Deputy NATO Secretary Alexander Vershbow called for NATO strategy to be reviewed.
The US President wants Congress to give him $5 billion blank check to fund contingencies aboard. The new fund would be established for the purpose. The sum is to be added to the administration’s Pentagon budget request for the upcoming fiscal year inside what’s known as the Overseas Contingency Operations Fund. The money is to be spent of foreign wars and not be included into the Defense Department’s core budget.
Talking to West Point graduates Obama said the United States will lead the world for another one hundred years.  It looks more like mantra against the background of inflated public debt and rapid emergence of multipolar world. The Russia-China gas deal and the both countries’ planned switch to national currencies settlements, prospective payments in Russian national currency for European gas supplies and the tangible trend of BRICS moving to financial independence – all told it becomes evident the dollar’ status of global reserve currency is jeopardized.  Japan, the US loyal ally, has already expressed its wish to join the dollar boycott threatening the very system of US-led military alliances and shaking the very foundation of US global leadership.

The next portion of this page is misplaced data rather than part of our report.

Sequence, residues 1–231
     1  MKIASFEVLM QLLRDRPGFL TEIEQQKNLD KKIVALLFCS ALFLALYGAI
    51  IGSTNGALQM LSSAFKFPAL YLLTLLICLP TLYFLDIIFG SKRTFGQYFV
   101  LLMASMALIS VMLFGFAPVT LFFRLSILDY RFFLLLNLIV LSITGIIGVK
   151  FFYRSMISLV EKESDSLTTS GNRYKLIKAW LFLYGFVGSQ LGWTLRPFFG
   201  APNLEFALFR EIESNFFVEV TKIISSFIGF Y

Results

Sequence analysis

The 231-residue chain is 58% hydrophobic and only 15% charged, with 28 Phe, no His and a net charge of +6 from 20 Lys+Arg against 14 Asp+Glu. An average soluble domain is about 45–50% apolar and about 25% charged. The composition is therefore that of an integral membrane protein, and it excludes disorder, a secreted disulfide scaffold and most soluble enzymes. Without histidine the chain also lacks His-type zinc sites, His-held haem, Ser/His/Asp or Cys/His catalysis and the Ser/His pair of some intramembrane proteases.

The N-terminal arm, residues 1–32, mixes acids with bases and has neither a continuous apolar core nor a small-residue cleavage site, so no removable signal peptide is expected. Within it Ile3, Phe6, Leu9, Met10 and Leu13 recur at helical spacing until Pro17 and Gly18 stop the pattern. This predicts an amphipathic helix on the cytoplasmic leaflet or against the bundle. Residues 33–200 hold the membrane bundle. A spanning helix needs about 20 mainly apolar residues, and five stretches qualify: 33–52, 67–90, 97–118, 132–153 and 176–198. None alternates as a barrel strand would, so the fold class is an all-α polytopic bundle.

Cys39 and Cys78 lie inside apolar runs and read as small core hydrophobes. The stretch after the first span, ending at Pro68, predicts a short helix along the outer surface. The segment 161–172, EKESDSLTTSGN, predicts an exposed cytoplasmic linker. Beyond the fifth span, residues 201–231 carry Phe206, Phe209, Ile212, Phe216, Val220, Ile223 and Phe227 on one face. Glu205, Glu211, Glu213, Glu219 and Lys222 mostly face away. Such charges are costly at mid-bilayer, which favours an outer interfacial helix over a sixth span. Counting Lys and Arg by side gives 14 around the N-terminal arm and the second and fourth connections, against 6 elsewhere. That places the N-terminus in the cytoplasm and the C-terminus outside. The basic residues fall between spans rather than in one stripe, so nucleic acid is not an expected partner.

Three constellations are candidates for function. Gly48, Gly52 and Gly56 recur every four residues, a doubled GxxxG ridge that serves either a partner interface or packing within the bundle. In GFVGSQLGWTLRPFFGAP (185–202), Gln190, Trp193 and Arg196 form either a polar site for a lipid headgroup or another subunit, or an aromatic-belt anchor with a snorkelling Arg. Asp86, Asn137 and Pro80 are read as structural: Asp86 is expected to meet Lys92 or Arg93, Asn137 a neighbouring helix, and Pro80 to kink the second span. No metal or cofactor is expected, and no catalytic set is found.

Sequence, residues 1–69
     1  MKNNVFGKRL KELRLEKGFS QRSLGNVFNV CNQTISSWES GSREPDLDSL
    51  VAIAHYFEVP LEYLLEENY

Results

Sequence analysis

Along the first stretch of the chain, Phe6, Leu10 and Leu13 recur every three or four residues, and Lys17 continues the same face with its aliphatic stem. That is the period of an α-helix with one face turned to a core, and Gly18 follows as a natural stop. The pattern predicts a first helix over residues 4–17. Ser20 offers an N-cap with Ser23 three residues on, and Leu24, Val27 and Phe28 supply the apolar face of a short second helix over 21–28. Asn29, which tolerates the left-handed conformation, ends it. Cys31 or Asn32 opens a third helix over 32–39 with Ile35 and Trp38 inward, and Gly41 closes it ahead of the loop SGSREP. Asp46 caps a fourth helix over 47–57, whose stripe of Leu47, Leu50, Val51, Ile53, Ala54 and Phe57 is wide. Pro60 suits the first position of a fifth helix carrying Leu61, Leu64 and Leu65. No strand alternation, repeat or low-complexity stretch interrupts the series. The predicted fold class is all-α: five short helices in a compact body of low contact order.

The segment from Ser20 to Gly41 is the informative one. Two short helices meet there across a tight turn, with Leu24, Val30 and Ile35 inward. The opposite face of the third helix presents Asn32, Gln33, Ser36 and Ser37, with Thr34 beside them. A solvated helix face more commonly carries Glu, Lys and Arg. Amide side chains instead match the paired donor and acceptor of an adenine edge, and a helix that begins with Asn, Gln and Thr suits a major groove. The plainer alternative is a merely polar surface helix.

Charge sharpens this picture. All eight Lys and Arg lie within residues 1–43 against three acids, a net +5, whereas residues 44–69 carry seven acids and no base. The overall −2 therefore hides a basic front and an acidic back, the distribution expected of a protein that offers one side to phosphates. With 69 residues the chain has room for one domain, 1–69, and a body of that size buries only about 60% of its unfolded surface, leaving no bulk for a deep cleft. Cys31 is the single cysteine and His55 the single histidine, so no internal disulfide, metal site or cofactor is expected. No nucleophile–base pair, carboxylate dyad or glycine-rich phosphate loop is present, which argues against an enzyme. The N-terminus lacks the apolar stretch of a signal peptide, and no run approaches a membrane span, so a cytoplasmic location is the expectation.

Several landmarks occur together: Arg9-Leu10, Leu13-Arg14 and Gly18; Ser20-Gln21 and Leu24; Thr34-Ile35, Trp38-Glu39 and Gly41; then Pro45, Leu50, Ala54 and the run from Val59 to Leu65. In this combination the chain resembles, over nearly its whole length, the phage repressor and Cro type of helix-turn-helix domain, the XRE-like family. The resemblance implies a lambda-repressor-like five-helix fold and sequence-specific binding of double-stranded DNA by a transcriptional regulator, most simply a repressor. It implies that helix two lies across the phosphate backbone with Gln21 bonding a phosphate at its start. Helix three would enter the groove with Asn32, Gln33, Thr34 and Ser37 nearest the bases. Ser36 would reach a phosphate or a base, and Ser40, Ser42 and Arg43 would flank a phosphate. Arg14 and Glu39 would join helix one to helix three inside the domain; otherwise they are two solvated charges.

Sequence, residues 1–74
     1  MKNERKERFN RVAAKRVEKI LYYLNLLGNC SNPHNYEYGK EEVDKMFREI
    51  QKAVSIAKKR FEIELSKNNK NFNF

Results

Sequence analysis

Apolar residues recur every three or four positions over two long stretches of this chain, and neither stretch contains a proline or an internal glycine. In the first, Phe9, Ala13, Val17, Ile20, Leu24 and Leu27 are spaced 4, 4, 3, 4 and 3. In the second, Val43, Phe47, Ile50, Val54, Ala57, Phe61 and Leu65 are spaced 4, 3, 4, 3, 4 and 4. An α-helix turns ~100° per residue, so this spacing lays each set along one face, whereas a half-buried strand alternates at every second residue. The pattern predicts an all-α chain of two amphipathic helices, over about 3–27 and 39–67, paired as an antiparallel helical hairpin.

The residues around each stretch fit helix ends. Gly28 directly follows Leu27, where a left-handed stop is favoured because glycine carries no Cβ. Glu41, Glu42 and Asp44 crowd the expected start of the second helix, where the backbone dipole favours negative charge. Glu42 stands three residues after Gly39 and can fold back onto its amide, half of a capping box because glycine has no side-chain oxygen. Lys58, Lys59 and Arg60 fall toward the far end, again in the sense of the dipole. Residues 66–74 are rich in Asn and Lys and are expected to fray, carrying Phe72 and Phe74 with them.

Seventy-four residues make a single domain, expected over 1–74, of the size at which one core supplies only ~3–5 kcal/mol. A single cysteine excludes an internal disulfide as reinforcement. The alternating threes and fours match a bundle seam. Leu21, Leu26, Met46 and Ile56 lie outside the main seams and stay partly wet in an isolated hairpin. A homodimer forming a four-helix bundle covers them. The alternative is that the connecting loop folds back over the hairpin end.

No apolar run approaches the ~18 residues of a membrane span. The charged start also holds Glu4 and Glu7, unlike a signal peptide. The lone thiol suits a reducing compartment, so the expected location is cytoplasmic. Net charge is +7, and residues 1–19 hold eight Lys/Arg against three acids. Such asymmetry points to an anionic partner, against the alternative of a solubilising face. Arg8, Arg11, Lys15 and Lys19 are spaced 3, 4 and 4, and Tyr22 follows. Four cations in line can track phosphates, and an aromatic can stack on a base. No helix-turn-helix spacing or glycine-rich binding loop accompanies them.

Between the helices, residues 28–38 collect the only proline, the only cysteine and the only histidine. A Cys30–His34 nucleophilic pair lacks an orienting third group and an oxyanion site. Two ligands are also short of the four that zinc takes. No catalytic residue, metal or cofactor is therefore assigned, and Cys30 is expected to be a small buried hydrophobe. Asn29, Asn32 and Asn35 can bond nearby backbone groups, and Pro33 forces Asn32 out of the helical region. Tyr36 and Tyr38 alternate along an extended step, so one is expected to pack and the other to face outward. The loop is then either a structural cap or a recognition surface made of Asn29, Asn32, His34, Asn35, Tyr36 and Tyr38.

Sheer inertia makes the United States continue to act like if it were the only global leader. For instance, Obama says the United States armed forces are unmatched in the world,
In fact, by most measures, America has rarely been stronger relative to the rest of the world. Those who argue otherwise – who suggest that America is in decline, or has seen its global leadership slip away – are either misreading history or engaged in partisan politics. Think about it. Our military has no peer. The odds of a direct threat against us by any nation are low, and do not come close to the dangers we faced during the Cold War.